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I am planning to install debian on dual boot, I have 250GB free for that, but I d prefer answer for any size.

I want to separate filesystem on different partition (/, /boot, /root, /home, /var), but I m wondering about what size should I allow to each one.

On relative, how much space should I allow to each one? What is the vital minimum for each?

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closed as primarily opinion-based by Anthon, Zelda, Timo, slm, jasonwryan Feb 19 '14 at 16:21

Many good questions generate some degree of opinion based on expert experience, but answers to this question will tend to be almost entirely based on opinions, rather than facts, references, or specific expertise.If this question can be reworded to fit the rules in the help center, please edit the question.

This is up to your own need and appreciation, you should get some info about what all those partion contains identify which should be the biggest and then use the partitionning that feets your need. –  Kiwy Feb 19 '14 at 9:27
@Kiwy: I understand that, that s why I asked for a vital minimum too. It s basically to have an idea of how to order size by "folder". –  DrakaSAN Feb 19 '14 at 9:57
I recommend using an own LV or mountpoint for /var/log, /tmp, /var/tmp, too. –  Nils Feb 19 '14 at 10:26
@Nils: What size should I allow for thoses if so? –  DrakaSAN Feb 19 '14 at 10:29
Our current standard is 4 GB each for /tmp and /var/tmp and 8 GB for /var/log on physical servers. –  Nils Feb 19 '14 at 11:25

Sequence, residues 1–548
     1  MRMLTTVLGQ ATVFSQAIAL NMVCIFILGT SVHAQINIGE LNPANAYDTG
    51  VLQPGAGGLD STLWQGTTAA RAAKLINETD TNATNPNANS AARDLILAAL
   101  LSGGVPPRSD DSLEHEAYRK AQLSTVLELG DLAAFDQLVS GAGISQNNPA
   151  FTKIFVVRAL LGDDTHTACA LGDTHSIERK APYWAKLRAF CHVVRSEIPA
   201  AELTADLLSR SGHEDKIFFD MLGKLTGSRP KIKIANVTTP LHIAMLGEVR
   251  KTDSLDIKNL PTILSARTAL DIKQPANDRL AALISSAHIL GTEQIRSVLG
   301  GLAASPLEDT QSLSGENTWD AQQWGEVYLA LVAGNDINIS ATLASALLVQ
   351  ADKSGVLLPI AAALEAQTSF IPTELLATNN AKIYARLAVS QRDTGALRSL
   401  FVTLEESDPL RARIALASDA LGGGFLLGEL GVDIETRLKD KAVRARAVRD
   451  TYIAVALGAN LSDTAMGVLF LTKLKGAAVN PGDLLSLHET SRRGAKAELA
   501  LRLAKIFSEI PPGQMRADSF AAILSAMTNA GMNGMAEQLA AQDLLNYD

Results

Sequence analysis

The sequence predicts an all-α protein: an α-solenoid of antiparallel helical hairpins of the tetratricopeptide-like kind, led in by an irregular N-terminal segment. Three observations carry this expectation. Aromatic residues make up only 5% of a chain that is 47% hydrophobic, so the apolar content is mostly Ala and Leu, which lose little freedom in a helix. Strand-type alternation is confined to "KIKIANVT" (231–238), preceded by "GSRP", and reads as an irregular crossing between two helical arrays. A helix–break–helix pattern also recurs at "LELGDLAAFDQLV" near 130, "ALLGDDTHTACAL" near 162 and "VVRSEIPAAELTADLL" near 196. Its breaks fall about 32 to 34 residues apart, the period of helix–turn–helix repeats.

1 Answer 1

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Well, this is certainly subjective and up to your specific needs. Nevertheless, as a general guideline, these are the minimum and recommended values (rounded) that Ubuntu recommends on a relevant page:

  • /: min: 8GB, recommended: 15GB (I would say 20GB is nice)
  • /boot: min: 250MB, recommended: 1GB
  • /root: no recommendation (I wouldn't expect much to be stored in it anyway in a typical desktop use).
  • /var: min: 1GB, recommended: 2GB (be careful though if you host web sites, use /var/backups or mail server etc).
  • /home: for desktop use I would recon all remaining space, it really depends on your files.
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So 6% for /, 0.5% for /boot, 1% for /var, some % for /root and everything else in /home. –  DrakaSAN Feb 19 '14 at 9:55
@DrakaSAN Converting to percentage does not make sense at all. The requirements for / do not change depending on the total size of the disk. You can easily install Linux on a 20Gb drive (total size), but you will run into trouble if you allocate 6% of that for /. –  Anthon Feb 19 '14 at 10:21
You are right in general. @DrakaSAN states the capacity in his question though. –  Wtower Feb 19 '14 at 10:23
You use the higher between the recommended and minimal size, I didn t thought about precising it thought. –  DrakaSAN Feb 19 '14 at 10:28
@DrakaSAN once again the porucentage you express are related to the fact you have a 250gb on a 100Gb disk you can try thos and you will never be able to run your whole system correctly –  Kiwy Feb 19 '14 at 10:49

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